debt

Bankrupt, underwater and want to refinance

Justin HarelikQuestionDear Bankruptcy Adviser,
We filed a Chapter 13 bankruptcy in February because we were about to lose our home in a trustee sale scheduled for Valentine's Day. Now we need to figure out what our next moves should be. Would it be preferable to continue the Chapter 13 bankruptcy? Or should we try to refinance our home mortgage with the bank? We are upside down on the home, in a big way. Its value is around $90,000 and the mortgage is roughly $200,000. But I don't want to sell or lose this home.
-- Arnold

AnswerDear Arnold,
You do not clearly understand the options available to you. Or perhaps I should say the options not available to you. You ask whether it would be preferable to stay in the bankruptcy or try to refinance the mortgage. However, refinancing the mortgage is not an option. If any reader has ever been able to refinance his or her mortgage when the mortgage is upside down, please email me. I would be very interested to know which banks are being so generous. The lender has no incentive -- and all the risk -- when refinancing a loan where no equity exists.

Besides equity in your home, lenders like to see that you are a stable and viable borrower before refinancing. However, you filed a bankruptcy right before the trustee sale of your home. A trustee sale is the result of foreclosure, which means you were not making your mortgage payments. Regardless of the reason you weren't paying, it would be a stretch to prove you're a stable loan candidate since you filed bankruptcy after not paying the mortgage for quite some time.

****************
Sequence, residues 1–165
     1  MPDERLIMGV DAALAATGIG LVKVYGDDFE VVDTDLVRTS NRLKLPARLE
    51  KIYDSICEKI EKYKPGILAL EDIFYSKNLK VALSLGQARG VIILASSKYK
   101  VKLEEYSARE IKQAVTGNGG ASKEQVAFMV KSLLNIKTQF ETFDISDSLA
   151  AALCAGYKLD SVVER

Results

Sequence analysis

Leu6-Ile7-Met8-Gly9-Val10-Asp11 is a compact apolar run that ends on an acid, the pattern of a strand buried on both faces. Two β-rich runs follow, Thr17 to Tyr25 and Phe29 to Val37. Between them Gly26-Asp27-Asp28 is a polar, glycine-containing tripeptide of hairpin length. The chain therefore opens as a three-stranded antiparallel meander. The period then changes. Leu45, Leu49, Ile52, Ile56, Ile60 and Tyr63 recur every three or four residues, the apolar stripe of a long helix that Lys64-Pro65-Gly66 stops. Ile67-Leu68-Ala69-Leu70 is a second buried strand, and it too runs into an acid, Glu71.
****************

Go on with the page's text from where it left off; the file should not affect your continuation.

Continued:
At this point, I believe you only have two available options to save the home. Let's discuss each of these possibilities in depth.

The first option is to stay in the Chapter 13 bankruptcy. This is known as a reorganization bankruptcy. It requires you to bring the loan (or loans) current over the next three to five years. During that time, you will make mortgage payments plus a payment to the person assigned to your case, called a trustee, for your other bills. (In some locations, you will make your mortgage payment to the bankruptcy trustee as well.) The lender will not be able to reject your loan payments when you file this type of bankruptcy. You will keep the house so long as you make the mortgage payments and any payment to the trustee.

Another idea: Apply for a loan modification. A loan modification is a process where the terms of a mortgage are changed from the original agreement. However, I am assuming you already tried to modify your loan, and were rejected. That usually is what causes the homeowner to file Chapter 13 bankruptcy to save the home.

Many lenders still will consider a loan modification even while the borrower is inside an active Chapter 13 bankruptcy. Most commonly, lenders want to see 12 months of consistent mortgage payments while you are in Chapter 13. That shows the lender you may be more stable now than before.

Again, I would be very interested to learn if you can successfully refinance your home. That would be the best outcome, but I believe it's an impossible scenario. You need to get reorganized and bring the mortgage current. This can be achieved in the Chapter 13 bankruptcy.

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